Link Posted: 6/14/2003 9:00:04 PM EDT
Where I hunt, shots are rarely over 100 yards. Mostly between 40-100 yards. I hunted one year with my AR. Had no problem tagging a 7 point buck at 40 yards at a dead run. It didn't go but a few feet more. A friend of mine got his young son a .223 to hunt with, and he has dropped a few deer at ranges from 75-100 yards with no problems. Yes there are better calibers out there for the job. But at the same time, I'd hunt with .223 again with no problem. But I'd be pretty confident with my shot before pulling the trigger.
Link Posted: 6/14/2003 9:04:17 PM EDT
Restrict yourself to very clean, sure head and neck shots and you'll drop every one in its tracks. Try shooting them anywhere else and you'd better have excellent tracking skills unless you dump a whole mag into them in full auto. Get yourself a good fixed power scope in the 4X to 8X range, sight in, and get a lot of practice at the range at all ranges from 50 yards to 200, and make sure that the scope mounts rigidly and isn't susceptible to drift on the mounts. It wouldn't hurt you to do some anatomical dissection on a head and neck to learn for yourself where the brain and spine REALLY are, too. It really helps to know that when you're counting on a CNS kill. The ultimate shot is the brain stem. Hit anything there, and it's down without any delay whatsoever, and not so much as a twitch. CJ
Link Posted: 6/14/2003 9:53:18 PM EDT
crazycanuk, I would have to say no. This is based on two things. #1 the size of Canadian deer. #2 brush. The .223 is a flat shooter, but is not the best at punching through brush. I would not use less than .30 cal. Where I am in Texas, a .223 would work fine on smaller white tails. (with proper shot placement, but then agian if you miss vitals bad with a .300 win mag any deer is gonna run) Anyway, bolt action long guns are cheap enough that you can pick one up complete with scope for less than $400 US. Maybe not top of the line, but a real shooter non the less. Check out Howa and the Remington 710 or even a 700 ADL synthetic. Good luck and good hunting. [sniper2]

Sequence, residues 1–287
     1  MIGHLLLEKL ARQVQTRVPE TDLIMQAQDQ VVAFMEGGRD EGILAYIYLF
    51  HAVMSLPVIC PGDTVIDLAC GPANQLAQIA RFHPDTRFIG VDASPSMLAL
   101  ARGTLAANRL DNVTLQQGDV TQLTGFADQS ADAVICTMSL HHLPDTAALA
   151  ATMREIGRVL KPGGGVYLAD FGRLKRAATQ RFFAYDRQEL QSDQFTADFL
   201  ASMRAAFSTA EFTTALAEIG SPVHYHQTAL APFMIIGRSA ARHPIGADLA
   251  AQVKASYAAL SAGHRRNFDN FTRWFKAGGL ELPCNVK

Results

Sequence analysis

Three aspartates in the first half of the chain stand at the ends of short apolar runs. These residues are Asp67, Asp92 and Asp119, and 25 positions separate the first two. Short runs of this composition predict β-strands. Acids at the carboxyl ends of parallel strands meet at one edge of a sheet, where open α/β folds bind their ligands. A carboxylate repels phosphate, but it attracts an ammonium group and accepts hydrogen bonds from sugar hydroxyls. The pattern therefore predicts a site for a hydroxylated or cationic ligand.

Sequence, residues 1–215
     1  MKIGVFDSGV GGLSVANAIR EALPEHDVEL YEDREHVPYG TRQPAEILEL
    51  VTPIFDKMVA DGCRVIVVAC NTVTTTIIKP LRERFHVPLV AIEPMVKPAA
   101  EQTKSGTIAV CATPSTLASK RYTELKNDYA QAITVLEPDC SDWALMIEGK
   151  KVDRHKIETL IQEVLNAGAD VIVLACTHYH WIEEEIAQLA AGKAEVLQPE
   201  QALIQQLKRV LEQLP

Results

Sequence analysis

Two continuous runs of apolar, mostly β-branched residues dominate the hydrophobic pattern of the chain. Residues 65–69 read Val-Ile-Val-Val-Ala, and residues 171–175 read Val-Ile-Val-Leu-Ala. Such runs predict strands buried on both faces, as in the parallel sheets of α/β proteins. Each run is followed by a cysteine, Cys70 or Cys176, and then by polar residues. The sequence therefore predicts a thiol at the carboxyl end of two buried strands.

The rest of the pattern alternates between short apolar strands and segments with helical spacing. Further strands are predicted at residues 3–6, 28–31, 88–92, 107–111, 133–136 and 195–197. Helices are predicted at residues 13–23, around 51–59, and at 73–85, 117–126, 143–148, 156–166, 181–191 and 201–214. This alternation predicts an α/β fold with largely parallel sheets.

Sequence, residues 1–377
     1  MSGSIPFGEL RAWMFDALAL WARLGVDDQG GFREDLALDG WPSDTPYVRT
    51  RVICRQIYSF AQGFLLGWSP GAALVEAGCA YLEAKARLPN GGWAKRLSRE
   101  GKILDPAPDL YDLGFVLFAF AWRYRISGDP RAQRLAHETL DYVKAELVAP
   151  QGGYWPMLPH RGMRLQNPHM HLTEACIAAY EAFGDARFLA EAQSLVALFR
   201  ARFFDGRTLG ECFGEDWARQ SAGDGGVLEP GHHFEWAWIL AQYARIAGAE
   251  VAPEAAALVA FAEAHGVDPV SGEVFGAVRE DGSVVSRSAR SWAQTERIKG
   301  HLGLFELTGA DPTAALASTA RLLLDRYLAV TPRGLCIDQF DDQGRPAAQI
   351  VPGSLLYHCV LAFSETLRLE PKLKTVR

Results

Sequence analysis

Link Posted: 6/14/2003 11:21:26 PM EDT
I don't think it's too humane a choice. If every time you had a clear shot it took down the central nervous system then I'd have a different opinion all together. While you can hunt with a .223 or even .22 LR (I had a prick of a co-worker who would poach with an AR-7) they are not the right tools at all. Be kind to your future trophy/dinner and be nice to yourself... use a round that will minimize the chance the deer will escape with a nasty hole in it.
Link Posted: 6/15/2003 12:16:52 AM EDT
It's not a good deer caliber. In fact, in many states in the U.S., it's illegal to hunt deer with a .223.
Link Posted: 6/15/2003 7:31:26 AM EDT
I have found a whole deer skeleton in the woods with the lower jaw shot away (no, it wasn't dragged away by another wild animal). No doubt the hunter had been going for a 'central nervous system shot'. The brain in the deer family makes an especially small target, and this is especially true in a moving animal. The spinal cord, the diameter of your pinky, makes an even less attractive target. You are far more likely to hit neck muscle and simply injure the animal. Again, the latter is especially true for a moving animal. I am not challenging anyones hunting prowess but I think the 'central nervous system' shot is unfair to the deer. I know you know this already, but the hunters job is to kill the animal as quickly and cleanly as possible. This is why a chest/heart shot is a much better target. The sheer size makes small errors forgivable. There is nothing magical about .30 cal. If you are concerned about brush you can use a partition bullet. If this is less a concern, then a ballistic tip or soft point. You must have adequate penetration/expansion/fragmentation to tear as much lung tissue/blood vessels as possible so the animal has no breath and no circulating blood. If it hits the heart that's great too. These are what make an animal collapse. Even with a properly expanding bullet, .223 is simply going to damage much less tissue than a larger diameter bullet. Less tissue damage = deer runs longer. On a 200 lb. animal, is that something you want to risk? I grew up in Ontario and so I'm familiar with the weather, general topography (variety) and flora/fauna. I can't imagine anything more frustrating than tracking a large deer with a .223 chest shot,in thick brush, with a light drizzle slowly washing away the blood trail.